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Rich sets off on a new course

Different approaches to the managed fund research process has caused rifts at Morningstar.

Tuesday, November 27th 2001, 1:27AM

by Philip Macalister

Graham Rich may have been dumped as the chief executive and publisher of Morningstar Research, but that hasn't stopped him establishing a new business.

"I'm working...in preparation for some new business initiatives which will supersede what I was involved with at Morningstar," he says.

However, he won't disclose exactly what he is doing, or with whom.

While Rich formally got dumped as the head of Morningstar over the weekend, he was working in a new office for the new business venture yesterday.

"I've got a group of folk who have been somewhat aware of what's going on, or more fully aware of what's going on, and so consequently had office facilities to move into today (Monday)," he says.

Morningstar's new joint managing director, Bevin Desmond says she would not be impressed if Rich was working on establishing a new research business.

"I think that it would be a conflict of interest for him to remain a shareholder of Morningstar downunder and to compete against that business."

One option open to Rich is that his company Fiduciary, which owns 40% of Morningstar Research, exercises its put option and sells its shares to fellow shareholder, Chicago-based Morningstar Inc.

While it is an option no decision has been made over this yet, Rich says: "I've not yet decided anything in the context of that."

Rich says the legal battle he lost on Friday was just "one step in a process" and further legal action will follow.

It is likely he will now add an unfair dismal suit to his barrage of legal challenges against Morningstar.

The other challenges relate to his allegations of "oppressive conduct (by) Morningstar Inc directors, breach of their directors' duties and breach of contract."

It's unclear exactly what all these allegations relate to, however they do include:

  • Each shareholder had different ideas about where the company was going. Rich claims that Morningstar Inc only wanted to be involved in quantitative research, while the research model used by his former company, FPG Research used quantitative and qualitative methods.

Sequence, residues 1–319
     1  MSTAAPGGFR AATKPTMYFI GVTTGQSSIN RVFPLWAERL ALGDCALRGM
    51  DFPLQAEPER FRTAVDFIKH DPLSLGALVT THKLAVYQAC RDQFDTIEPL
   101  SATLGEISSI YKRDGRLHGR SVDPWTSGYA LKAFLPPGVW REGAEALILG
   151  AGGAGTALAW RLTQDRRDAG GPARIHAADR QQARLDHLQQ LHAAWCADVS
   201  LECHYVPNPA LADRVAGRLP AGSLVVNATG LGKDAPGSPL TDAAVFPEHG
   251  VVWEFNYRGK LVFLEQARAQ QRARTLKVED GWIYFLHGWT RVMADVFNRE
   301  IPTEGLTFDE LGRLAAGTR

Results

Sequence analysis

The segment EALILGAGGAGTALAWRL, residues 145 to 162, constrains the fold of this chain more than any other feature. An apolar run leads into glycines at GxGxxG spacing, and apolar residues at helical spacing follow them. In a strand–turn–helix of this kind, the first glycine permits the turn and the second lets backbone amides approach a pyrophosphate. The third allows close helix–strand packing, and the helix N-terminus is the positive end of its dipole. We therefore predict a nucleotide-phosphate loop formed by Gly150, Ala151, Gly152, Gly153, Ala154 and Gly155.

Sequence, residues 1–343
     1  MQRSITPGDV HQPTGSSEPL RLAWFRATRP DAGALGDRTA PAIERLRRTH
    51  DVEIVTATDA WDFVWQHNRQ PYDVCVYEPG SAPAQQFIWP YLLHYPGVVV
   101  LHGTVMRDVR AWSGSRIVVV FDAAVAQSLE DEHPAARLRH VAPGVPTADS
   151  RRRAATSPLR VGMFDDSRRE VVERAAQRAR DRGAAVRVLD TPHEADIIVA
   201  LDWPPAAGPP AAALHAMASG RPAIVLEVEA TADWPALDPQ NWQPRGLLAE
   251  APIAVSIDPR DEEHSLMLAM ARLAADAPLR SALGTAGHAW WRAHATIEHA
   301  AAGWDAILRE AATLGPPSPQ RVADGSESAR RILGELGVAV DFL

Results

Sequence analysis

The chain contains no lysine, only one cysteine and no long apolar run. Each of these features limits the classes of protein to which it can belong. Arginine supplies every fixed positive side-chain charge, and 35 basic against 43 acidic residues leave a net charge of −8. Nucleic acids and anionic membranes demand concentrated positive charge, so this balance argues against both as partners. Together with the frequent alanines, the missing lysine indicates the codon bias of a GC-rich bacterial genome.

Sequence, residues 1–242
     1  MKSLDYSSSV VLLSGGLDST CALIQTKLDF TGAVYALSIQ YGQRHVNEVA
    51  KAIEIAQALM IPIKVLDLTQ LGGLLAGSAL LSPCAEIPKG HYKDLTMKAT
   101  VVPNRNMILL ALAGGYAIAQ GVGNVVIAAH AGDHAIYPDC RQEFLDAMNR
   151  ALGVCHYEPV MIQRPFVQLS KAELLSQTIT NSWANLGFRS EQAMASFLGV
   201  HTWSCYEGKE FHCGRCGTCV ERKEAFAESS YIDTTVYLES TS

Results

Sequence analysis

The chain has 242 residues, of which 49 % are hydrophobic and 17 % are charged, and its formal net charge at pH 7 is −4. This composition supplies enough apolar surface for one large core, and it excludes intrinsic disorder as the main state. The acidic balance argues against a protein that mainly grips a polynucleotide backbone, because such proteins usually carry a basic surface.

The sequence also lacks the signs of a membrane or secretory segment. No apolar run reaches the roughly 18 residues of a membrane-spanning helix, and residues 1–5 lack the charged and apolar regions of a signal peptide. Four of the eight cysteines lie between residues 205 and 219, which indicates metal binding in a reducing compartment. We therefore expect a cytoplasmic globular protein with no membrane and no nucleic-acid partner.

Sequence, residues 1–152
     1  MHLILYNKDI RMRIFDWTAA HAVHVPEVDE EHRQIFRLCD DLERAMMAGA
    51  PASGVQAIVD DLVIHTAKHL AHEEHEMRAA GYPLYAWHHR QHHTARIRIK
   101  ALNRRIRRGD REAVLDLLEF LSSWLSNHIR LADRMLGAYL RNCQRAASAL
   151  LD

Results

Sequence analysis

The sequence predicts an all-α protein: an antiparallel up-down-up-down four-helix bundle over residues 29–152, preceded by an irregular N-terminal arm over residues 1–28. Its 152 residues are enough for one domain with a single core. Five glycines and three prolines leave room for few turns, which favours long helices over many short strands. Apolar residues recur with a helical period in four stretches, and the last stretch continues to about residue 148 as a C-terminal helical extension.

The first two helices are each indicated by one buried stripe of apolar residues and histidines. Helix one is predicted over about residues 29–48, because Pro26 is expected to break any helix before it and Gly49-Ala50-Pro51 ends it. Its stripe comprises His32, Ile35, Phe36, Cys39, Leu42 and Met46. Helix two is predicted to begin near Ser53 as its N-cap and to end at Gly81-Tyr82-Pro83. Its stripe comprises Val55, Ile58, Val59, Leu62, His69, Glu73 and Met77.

"Morningstar internationally is very well known for the fact that it does not engage in qualitative research," he says.

He goes on to allege Morningstar Inc didn't understand the Australasian market: "One of the primary differences... is what I would describe as an ignorance of the local market in Australia and New Zealand."

Desmond disagrees saying that Morningstar Inc does a lot of qualitative research in the US, however instead of wrapping it up into ratings it does it through an editorial process.

She says one of the big successes for Morningstar Inc had been that it has simplified the research process.

One of the US company's frustrations with Morningstar downunder was that its processes hadn't changed much and it hadn't taken advantage of the knowledge the Morningstar group has gathered by operating in 15 other countries.

"The research process here has not changed based on the knowledge of how things are done in different markets."

  • A claim that Morningstar Inc breached its contract in the joint venture by not bringing its resource in the US down under.

Desmond says Morningstar Inc was committed to making available its technology, brand and operations to help Morningstar downunder develop products for the local market.

"We didn't want Morningstar in Australia and New Zealand to be a sales office we wanted them to be a full-fledged operation so it could take advantage of these products and make them even better for the local market and that was in conflict with what Mr Rich wanted to do."

  • The process by which Morningstar Inc early this year managed to move to the position of majority shareholder. Rich questions this and says that his company, Fiduciary, owns more than 40% of the business.

  • The financial state of the Australasian business. Morningstar Inc says the business was laden with debt and was insolvent, consequently it has agreed to put more capital into the business. Rich dismisses the report prepared for Morningstar Inc by insolvency experts Ferrier Hodgson as a stunt saying that neither he, as ceo, nor Fiduciary had any input into the report. However, Desmond says the company's chief financial officer had significant input into its preparation.

You can read Philip's blog here: http://www.goodreturns.co.nz/blog/

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